View this post on Instagram
Yesterday, I edited an article about how it’s never okay to make negative comments about someone else’s body.
The message seems obvious enough, but as any of us who have been in the comments section on social media know, far too many people don’t follow this age-old advice.
Toward the end of the article, the author said:
“We never truly know what someone else is going through. We could all use a little more compassion and learn to speak a little more kindly…or not speak at all.”
Her words got me thinking about all the ways our words can heal—or hurt. And more specifically, the words from others that have meant the most to me. And why they’ve stuck with me.
When I was young, my boyfriend (at the time) told me that the thing he loved most about me was my big heart. How I loved hard. How I gave my all to those I cared about.
In college, my freshman roommate (who is still my best friend) confessed to me, after a few months of getting to know each other, that when we first met she found me intimidating.
A few years ago, I was having a pretty heated discussion with someone I care about deeply and in the middle of our disagreement, he stated, “You’re such a humanitarian!” It was said as more of an accusation, but that didn’t stop me from taking it as a compliment.
The context for all these situation was so different but I know that the reason these words have stayed with me, even years later, is because of the way they made different parts of me feel seen.
The part of me that goes hard for those I care about. The part of me that comes off tough to protect the shy, quiet little girl inside. The part of me that wants to fight for others and change the world.
So often, we walk through the world trying to figure out who we are. Questioning whether we’re showing up authentically. Wondering if those around us, and those we love the most, truly see us.
Then, with a few words, with a simple compliment, we realize that those who care about us—and sometimes even complete strangers—can see exactly who we are.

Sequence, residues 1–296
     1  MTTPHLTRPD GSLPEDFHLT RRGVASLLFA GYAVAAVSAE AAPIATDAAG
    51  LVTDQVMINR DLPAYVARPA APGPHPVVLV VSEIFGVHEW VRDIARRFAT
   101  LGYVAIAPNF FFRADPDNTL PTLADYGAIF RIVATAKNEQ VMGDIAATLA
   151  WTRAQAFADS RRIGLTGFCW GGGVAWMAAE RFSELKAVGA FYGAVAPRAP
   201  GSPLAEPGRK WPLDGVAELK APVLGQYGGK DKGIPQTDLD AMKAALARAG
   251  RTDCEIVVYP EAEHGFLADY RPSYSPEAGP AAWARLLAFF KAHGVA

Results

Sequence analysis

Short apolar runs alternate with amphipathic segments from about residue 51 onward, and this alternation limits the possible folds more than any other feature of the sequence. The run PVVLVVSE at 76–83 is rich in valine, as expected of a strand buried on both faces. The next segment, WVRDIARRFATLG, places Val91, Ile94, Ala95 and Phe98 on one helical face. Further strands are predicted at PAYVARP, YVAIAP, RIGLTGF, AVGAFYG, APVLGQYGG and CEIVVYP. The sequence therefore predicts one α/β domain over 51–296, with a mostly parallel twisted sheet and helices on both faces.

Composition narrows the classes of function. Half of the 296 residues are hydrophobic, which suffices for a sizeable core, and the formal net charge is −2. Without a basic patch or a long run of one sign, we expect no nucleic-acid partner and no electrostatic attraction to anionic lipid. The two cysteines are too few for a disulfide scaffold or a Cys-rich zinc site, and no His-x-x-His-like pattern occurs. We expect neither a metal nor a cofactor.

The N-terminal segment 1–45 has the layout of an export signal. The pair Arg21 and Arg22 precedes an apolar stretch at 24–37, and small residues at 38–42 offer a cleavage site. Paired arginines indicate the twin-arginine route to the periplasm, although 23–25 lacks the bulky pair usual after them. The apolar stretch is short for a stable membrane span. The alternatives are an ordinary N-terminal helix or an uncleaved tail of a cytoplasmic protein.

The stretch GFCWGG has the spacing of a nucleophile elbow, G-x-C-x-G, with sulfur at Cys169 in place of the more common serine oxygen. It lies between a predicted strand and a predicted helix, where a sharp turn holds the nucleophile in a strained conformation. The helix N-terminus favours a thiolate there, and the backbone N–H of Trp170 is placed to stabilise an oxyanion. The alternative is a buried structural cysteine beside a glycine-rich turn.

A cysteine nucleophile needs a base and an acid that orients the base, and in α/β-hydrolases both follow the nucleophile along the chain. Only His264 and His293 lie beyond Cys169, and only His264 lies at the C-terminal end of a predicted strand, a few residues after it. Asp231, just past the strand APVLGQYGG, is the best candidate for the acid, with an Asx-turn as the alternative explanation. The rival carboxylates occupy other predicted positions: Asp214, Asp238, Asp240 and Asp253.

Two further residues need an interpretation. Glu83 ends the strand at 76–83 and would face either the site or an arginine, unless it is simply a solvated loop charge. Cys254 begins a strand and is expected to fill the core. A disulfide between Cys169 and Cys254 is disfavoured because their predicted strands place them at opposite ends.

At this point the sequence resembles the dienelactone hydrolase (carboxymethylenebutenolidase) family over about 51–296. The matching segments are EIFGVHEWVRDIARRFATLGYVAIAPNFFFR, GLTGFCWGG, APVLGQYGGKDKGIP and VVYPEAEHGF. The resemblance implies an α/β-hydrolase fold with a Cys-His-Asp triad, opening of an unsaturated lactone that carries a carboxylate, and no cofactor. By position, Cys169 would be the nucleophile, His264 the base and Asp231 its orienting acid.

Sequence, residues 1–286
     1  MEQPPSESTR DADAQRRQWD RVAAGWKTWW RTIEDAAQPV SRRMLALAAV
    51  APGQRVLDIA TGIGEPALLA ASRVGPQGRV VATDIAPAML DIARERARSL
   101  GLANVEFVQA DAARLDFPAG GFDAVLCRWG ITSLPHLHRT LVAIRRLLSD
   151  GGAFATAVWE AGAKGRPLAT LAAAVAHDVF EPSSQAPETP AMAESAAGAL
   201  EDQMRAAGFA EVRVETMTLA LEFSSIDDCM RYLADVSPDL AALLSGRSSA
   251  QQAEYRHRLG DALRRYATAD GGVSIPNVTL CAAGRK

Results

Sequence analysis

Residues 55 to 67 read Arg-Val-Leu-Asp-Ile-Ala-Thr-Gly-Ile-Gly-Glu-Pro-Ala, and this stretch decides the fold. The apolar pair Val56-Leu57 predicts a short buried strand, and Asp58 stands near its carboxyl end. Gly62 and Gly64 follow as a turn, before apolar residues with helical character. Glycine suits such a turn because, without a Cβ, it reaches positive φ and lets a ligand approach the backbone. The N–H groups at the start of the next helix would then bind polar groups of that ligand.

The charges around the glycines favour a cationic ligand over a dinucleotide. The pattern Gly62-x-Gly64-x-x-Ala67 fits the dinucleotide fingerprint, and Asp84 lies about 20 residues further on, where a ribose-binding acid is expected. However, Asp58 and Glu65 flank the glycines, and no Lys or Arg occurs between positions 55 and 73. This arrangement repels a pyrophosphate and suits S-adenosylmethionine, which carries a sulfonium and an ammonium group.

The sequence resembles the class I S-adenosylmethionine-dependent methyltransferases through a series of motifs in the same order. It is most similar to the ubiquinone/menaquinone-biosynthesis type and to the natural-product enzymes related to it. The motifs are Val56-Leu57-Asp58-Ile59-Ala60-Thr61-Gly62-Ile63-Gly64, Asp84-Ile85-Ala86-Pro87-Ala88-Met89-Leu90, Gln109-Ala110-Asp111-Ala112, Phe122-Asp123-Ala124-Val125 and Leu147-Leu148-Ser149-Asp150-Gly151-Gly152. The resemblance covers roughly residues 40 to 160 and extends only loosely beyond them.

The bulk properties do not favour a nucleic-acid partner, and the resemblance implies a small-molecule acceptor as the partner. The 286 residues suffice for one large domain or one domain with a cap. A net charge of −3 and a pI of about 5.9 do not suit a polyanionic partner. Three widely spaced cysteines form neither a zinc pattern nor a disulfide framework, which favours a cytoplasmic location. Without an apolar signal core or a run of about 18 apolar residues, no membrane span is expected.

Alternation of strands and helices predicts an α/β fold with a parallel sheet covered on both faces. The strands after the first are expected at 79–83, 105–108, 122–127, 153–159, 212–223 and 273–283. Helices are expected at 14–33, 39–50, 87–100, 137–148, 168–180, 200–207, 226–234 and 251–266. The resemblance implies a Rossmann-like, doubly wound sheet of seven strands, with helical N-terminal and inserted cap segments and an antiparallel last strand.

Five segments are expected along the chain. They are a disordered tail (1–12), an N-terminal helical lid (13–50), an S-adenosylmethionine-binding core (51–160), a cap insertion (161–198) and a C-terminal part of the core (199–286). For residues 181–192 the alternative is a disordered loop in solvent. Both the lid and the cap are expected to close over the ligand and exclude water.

And there’s a certain magic in that.
Below are 18 of the most meaningful compliments Elephant Journal readers have received, and honestly, this is the level of kindness we should all be aiming for:
“You can call yourself lucky because if you don’t have a good book at hand you just write one.” Best compliment ever from my dad.” ~ Major
I was told I was PFM (pure f*cking magic). ~ Jamie
“She has a mind that questions everything. She is naturally curious”—1st year school report card. ~ Gem
At a high school reunion many years ago, a former classmate sought me out to say thank you because I had been kind to her, and I guess not many people had been. It meant so much to her she remembered it years later. ~ Margo
That I am resilient and full of joy despite my troubles I have faced. ~ Star
I had a handyman come to do some work at my house. As he and I were talking, I apparently inspired him to get his contractors license and open his own business. About 5 years later I got a note from him and a new version of The Seven Habits of Highly Effective People that I had loaned him. He thanked me for giving him the idea to reach for his goals and said that I had been an inspiration. Best note ever! ~ Kristi
I told my best friend that I feel insignificant and so unexceptional at home, not valued. I’m a different person when I travel. People think I’m interesting, I feel like someone important, my skills and knowledge are valued and I like this version of me better. He asked me if I was joking and said I was the least ordinary person he ever met. ~ Juliana
That I’m a good mom. ~ Kim
That I’m not lucky, I’m talented. Luck happens once maybe twice but when you produce consistently good work that’s talent. ~ Ruthie
When I was 12 or 13 and feeling very plain and awkward, an older man said, “You’re going to be a real heartbreaker some day.” It made me feel like a princess! I’m 82 now and have never forgotten his kindness! ~ Coretha
My son told me I did such a good job raising them and providing as a single mom that they never knew how poor we were until they were adults. ~ Diane
An ex partner telling my then new partner: “It doesn’t get any better than her.” It was a really brave, meaningful move from the ex as he was upset by the split and I’ll never forget it. ~ Tracey
I was told by a coworker that I was spiritually seasoned. ~ Melinda
One day, while at work, a woman walks in with her child, a 5-year-old kid who told me: “You look different than others.” I said: “How so?” to which she replied: “You look like yourself!” ~ Marie-Eve
A friend in grade school said she thought I was a good guesser so she trusted my hunch. That gave me the confidence to trust myself better. ~ Monica
My friend’s 6-year-old daughter told me that I made her feel safe. ~ Chaundra
I was told that I have a way of making a story come to life. ~ Julie
“You make me want to do my best.” ~ Sharma